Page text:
Christopher Cyrill

Christopher Cyrill is the author of the novels The Ganges and its Tributaries and Hymns for the Drowning.  He has also published numerous stories, articles and written a number of broadcasted radio plays. For many years he was the fiction editor of HEAT and the fiction editor of Giramondo Publishing. Cyrill has taught at Sydney University and Macquarie University and currently runs his own writing academy mentoring writers.
Index of First Lines

Edited by I.V.A Sumac

Achaean Minotaur, upon the shattered ledge; two men in frame 1
Agamemnon insists, despite your chaplets, the graces of the gods 25
All I have in the Promised Land is a plot for my bones. 47
All life is shipwreck – I dis/agree 94
Archipelagos. Cargoes of lighthouses. 37
Aria is my brother, my sister overboard 93
As for you, you meant evil against my house, my daughters 46
As the astral fuse turns off the light, the gas, the water. 15
Books stacked up like skylines 41
Borges and I/ Achille and Achilles? 3
Boys throwing shadestones in white houses 59
Brass banded rum tubs – God Bless Her 78
Bull leapers, labyrinths, now in the catalogue of Alexander 34
But that is all migration of text- 36
Capstan bar, man down, sing it in the forecastle 82
Careless – careless 23
Codex of fire, lost on the middle passage 19
cold lies, half truths, rope bound confessions, 88
Cornell shadowbox on the rock 4
Daughters exiled from lonely jungles become pop stars 57
Dreams she gave me; river labyrinths 99
Enclosing lightning in her hands 92
Eternal mother, strong to serve. 80
Every passing cup negotiating Iphigenia 86
Fire will still burn the black body 16
Firewalkers, dawn healed, fire breathers douse the wreck. 20
For twenty years I have touched with my eyes their vermilion 7
Girls sweep the ashes for the boys to run to the patriarch 17
God said I will take you there and I will lead you back. 43
Hands held Abhaya 31
Hands throwing three crowns, three anchors 87
He says, Poetry should make the visible a little hard to see 18
He was the third witness, the one I forgot, or never knew. 12
Honey and apples 50
I am combining the exhibits, sharing museums, opening space. 27
I carried him out of the enflamed house 45
I have come for the body of my son, I prayed 96
If you want to understand that dream we need to return to Egypt. 42
In an anthology of abandoned endings, 10
In folksongs they sing of fi 90
In the Catacombe di Priscilla the prophet is cast 38
J provides the main source material, supplemented by E 49
Joni Mitchell was levitating at the forum 58
Lalla does not give ghee all the time 63
Lear’s daughters wear wishbones in silk purses. 48
Let us then offer the first conceit and process from there. 28
Maria Constantinople is gathering the ruins of Mycenae 35
Nelly poisoned my windflowers 51
One entire phalanx fell into the crevasse 60
Painters spill into the garden at dawn, to quarter the mad bear 9
Pangaea and the first wreck, stones singing the ocean out 84
Peisistratus, accused of revealing the mysteries 69
Plunged into the literature of disaster. 39
Quarks bound to the masts, electrons 73
Quaternions of narrative 74
Samedi at the crossroads, calling in ships of rum and dice. 11
Save your liturgies for those who fall back onto the street 13
Say, let’s, the carnival is the book –I-I 29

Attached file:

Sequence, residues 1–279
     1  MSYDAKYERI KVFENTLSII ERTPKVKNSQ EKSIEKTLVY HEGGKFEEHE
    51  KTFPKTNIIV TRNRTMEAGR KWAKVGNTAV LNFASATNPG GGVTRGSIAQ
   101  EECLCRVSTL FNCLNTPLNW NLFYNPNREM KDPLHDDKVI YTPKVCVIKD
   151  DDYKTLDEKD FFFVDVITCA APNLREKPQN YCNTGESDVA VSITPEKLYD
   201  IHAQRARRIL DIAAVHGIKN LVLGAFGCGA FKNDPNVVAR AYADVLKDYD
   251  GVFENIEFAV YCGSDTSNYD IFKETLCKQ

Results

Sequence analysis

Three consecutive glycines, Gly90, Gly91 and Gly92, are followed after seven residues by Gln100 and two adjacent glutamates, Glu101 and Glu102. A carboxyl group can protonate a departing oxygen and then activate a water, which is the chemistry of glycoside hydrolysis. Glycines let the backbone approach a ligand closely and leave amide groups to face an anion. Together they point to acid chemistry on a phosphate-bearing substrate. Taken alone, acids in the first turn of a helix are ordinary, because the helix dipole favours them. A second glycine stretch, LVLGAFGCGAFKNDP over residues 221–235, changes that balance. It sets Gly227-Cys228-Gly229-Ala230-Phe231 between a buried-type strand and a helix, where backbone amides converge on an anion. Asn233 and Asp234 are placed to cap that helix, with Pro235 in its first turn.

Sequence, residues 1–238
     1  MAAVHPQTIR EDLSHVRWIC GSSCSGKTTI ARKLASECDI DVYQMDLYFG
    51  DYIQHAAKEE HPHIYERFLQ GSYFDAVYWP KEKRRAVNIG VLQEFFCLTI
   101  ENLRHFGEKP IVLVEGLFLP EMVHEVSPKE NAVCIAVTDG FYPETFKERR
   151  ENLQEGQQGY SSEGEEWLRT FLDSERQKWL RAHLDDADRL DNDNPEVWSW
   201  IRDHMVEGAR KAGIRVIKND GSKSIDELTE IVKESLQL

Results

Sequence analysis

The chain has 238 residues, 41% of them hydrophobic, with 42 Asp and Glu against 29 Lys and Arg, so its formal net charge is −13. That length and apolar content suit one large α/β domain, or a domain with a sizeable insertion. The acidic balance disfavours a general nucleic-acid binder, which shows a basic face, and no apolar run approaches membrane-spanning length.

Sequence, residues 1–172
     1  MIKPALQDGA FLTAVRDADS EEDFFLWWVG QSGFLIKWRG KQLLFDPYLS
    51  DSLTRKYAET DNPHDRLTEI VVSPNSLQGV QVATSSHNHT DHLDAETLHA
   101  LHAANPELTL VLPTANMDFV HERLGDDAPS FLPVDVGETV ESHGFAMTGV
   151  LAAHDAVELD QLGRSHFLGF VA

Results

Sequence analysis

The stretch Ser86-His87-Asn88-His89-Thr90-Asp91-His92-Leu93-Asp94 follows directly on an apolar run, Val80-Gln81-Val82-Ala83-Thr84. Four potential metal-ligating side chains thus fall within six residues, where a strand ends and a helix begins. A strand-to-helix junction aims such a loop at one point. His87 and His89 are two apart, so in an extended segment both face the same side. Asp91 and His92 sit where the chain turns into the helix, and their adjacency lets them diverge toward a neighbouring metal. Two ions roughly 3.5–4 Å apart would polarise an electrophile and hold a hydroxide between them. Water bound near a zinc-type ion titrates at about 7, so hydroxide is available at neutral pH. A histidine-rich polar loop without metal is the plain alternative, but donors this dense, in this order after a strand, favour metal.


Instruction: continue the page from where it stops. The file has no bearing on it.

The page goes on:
She will spend her days on Argos 26
-signifyin’, signifyin’ – when the 8
so scuppers sailed to the 99th night 66
Sophrosyne, the world never made 71
Soucouyants, soca, swimp. Douens gathered on the Half Mile 33
Splice the mainbrace against the dark, cruel chaos 79
St. Kitts raised its palms, refused it harbour 22
Stars strung on the frets of night 85
Tack and sheet chanty, ‘aul away St. Joe. 83
The argument of a complex number, first order logic 89
The astronauts refuse re-entry; the sky is too delicious 56
The Atreus façade reveals the crimes; cannibalism, adultery 70
The carnival started on Knossos 32
The deepest holy is her middle finger and thumb 98
The doll nested on Plate 34 5
The escape route takes you to St. Nicholas. 65
The fields, the herds, the sugared cane 77
The main doors opened, Orestes, sword in hand, stood above 68
The potstills of Massacre, barrel to bottle. 81
The saffron dress becomes windbound 72
The schooners sail on in bottles toward Bellesbat 54
The sea is tired of the burden of sailors 55
Their gazes solid as light under water 2
There’s a day for the hunter, a day for the prey 64
Things will all then fall into the centre. 30
Three rivers suicide at the waterfall 95
To the Lady of Nineveh, torch of continents 97
Traveller between looms 75
Traversing Liedland, without ruin. 76
Two fish won’t pull a cart 62
Vinegar and salt 52
Voiceless mother of exiles 91
Watching the panther‘s panther 6
We won’t then need to look there anymore. 31
When I was a child a painting of a shipwreck hung above my bed 21
When Jacob became Israel he offered me this vision 40
When Zeus turned the ill wind to good 67
When the Marys bring wine and myrrh, fresh linen; lacunae 14
Wolves chase the tiring prey across Capricorn 53
Yahweh is now active in the narrative. 44


He says, Poetry should make the visible a little hard to see This is a paraphrase of Line 21 of “The Creations of Sound” by Wallace Stevens, page 310. The Collected Poems of Wallace Stevens, Faber and Faber, London, 1954.

Tack and sheet chanty, ‘aul away St. Joe. – This is a partial quote from “Haul Away, St. Joe” a traditional sea shanty/chanty/forecastle song. Sourced from:

There’s a day for the hunter, a day for the prey This is a quote from “A Day for the Hunter, a Day for the Prey” by Leyla McCalla Track taken from “A Day for the Hunter, A Day for the Prey” – Leyla McCalla : May 27th 2016 on JazzVillage Music video directed by Claire Bangser